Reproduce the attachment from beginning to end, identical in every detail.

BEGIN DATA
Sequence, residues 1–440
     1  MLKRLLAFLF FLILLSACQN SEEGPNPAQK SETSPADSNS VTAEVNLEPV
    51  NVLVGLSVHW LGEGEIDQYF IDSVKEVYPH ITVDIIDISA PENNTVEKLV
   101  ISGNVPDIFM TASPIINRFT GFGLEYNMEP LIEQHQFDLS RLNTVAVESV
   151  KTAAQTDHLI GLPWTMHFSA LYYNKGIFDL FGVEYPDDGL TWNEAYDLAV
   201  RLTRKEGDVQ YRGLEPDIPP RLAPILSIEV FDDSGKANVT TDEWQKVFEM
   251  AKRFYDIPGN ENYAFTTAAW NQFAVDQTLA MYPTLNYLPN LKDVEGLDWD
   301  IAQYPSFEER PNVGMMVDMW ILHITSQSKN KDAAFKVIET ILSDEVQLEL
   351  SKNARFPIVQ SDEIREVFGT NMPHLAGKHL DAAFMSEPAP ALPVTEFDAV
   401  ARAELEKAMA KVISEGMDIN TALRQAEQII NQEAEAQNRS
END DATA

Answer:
Sequence, residues 1–440
     1  MLKRLLAFLF FLILLSACQN SEEGPNPAQK SETSPADSNS VTAEVNLEPV
    51  NVLVGLSVHW LGEGEIDQYF IDSVKEVYPH ITVDIIDISA PENNTVEKLV
   101  ISGNVPDIFM TASPIINRFT GFGLEYNMEP LIEQHQFDLS RLNTVAVESV
   151  KTAAQTDHLI GLPWTMHFSA LYYNKGIFDL FGVEYPDDGL TWNEAYDLAV
   201  RLTRKEGDVQ YRGLEPDIPP RLAPILSIEV FDDSGKANVT TDEWQKVFEM
   251  AKRFYDIPGN ENYAFTTAAW NQFAVDQTLA MYPTLNYLPN LKDVEGLDWD
   301  IAQYPSFEER PNVGMMVDMW ILHITSQSKN KDAAFKVIET ILSDEVQLEL
   351  SKNARFPIVQ SDEIREVFGT NMPHLAGKHL DAAFMSEPAP ALPVTEFDAV
   401  ARAELEKAMA KVISEGMDIN TALRQAEQII NQEAEAQNRS